Enterprising families and their advisors need clearly defined and implemented decision making process and leadership development programs to manage transitions. Fire Drill Books and the Fire Drill they enable you to conduct, provide a road map to guide you and your family as you create appropriate governance structures and processes to allow your family to become change entrepreneurs and create effective multi-generational team.
Our clients and their advisors use Fire Drills to build strategically supportive contingency plans for managing significant change: sudden death or catastrophic illness of a loved one, unexpected loss (or gain) of wealth, and career uncertainties.
Are you an advisor who wants to learn how to use Fire Drills in your own practice and with your clients? Here is a free download of a Fire Drill for Financial Advisors.
Fire Drills incorporate Information Tracking with brainstorming, both of which help you meet the unknown.
Enterprising business and financial families are not by definition teams. Often family members need to address unarticulated assumptions about their own multiple roles in the family and the business. Both the family and the business need to learn how to nurture a vision and a sense of purpose that can be understood and supported by all stakeholders. Additionally, business and financial families need clearly defined and implemented leadership development programs to manage transitions, and they need a road map to guide them as they create appropriate governance structures and processes to allow them to grow into effective multi-generational teams.
The Money, Power, Love Bermuda Triangle
By Bonnie Hartley, Ph.D.
My use of Fire Drills with clients and seminar audiences has evolved over the last few years. As I work with business and financial families struggling with issues around ownership and management succession, I search for points of entry into multi- generational systems that allow people to shift attitudes, beliefs, and expectations about three core elements of change: money, power and love – what I call the family business Bermuda Triangle. Paradoxically, the way we blend them either strengthens or destroys our relationships, families and businesses.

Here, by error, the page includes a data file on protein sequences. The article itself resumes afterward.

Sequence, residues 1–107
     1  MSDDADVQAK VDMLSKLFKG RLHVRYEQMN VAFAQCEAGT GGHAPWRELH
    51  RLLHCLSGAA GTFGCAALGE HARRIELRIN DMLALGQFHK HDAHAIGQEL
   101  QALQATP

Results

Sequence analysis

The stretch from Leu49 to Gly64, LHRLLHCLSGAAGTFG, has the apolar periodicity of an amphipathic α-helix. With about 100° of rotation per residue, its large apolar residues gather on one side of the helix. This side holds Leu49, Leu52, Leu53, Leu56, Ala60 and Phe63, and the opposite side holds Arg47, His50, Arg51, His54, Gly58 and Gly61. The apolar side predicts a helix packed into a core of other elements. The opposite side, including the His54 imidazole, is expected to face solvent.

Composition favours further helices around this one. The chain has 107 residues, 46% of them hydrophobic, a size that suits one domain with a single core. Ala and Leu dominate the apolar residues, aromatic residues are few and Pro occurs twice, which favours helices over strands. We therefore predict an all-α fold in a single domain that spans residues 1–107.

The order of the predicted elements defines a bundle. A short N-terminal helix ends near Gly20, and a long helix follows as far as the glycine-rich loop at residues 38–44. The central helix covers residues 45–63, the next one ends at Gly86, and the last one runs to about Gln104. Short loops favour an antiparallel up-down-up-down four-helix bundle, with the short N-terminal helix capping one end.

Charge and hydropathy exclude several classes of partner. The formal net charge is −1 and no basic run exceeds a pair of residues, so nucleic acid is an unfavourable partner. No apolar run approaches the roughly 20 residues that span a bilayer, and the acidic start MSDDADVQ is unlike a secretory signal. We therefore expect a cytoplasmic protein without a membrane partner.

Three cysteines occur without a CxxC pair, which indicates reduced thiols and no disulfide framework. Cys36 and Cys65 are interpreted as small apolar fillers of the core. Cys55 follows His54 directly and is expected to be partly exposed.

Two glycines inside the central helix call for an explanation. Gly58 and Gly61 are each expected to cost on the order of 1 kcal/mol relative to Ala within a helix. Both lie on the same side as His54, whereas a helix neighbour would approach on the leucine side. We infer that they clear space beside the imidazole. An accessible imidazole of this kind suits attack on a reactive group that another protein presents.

Many of our attitudes, beliefs and expectations seem to grow out of unspoken (and often unrecognized) assumptions about those core elements of money, power and love – whether at home, at school, at work or in our communities. The first two Fire Drills – Know Yourself and Know Your Family Team – grew as I continually encouraged audiences and clients to challenge their assumptions about their Money, Power, Love Bermuda triangle.
As assumptions surface, so do conflicts and patterns of behavior directly related to an individual, family or organization’s resistance to change. Much of the resistance to change I have encountered in business and financial families lies in the family system.
How do people get into families?
To make my point, I often ask my audiences how people get into families. In today’s world, many families have become blended families when parents remarry after a divorce or death of a spouse. As adults, we join new families when we marry. Getting into a blended family as a child can be painful and usually seems out of our control. Even as adults, getting comfortable with new in-laws can be challenging. (But, at least when we’re getting into a family, there is usually some cause for celebration.) Getting out of families is no easier. My audiences come up with options like divorce, disinheritance and, ultimately, death. No wonder there’s so much resistance to letting go of money, power and love!
So, in crises or times of intense change, when you combine unspoken assumptions with pain and resistance to death, it’s no wonder that tempers flare, fears abound and power struggles bubble to the surface. How well do you know yourself? The death of a loved one, a life-threatening illness or an unexpected job loss can trigger unimagined changes in every aspect of your life. Many of those changes relate directly to money, power and love. But most of us don’t sit around thinking, “What if my spouse dropped dead tomorrow?” “What if I lost my job tomorrow?” “What if I went in for a routine physical and the doctor found a lump in my breast?” Most of us don’t want many chances to “practice dying”.
“What if” questions often engender anxiety so we avoid asking them unless prompted. However, I’ve found that after people get over their initial shock that I would prompt them to imagine such a thing, they find those questions compelling. That’s when they understand the urgency for contingency planning that takes into account not only the individual’s need for careful financial and legal preparation, but also the underlying need for mental, emotional, physical and spiritual support systems for managing change. I believe that the first step to creating those support systems is to know yourself inside and out.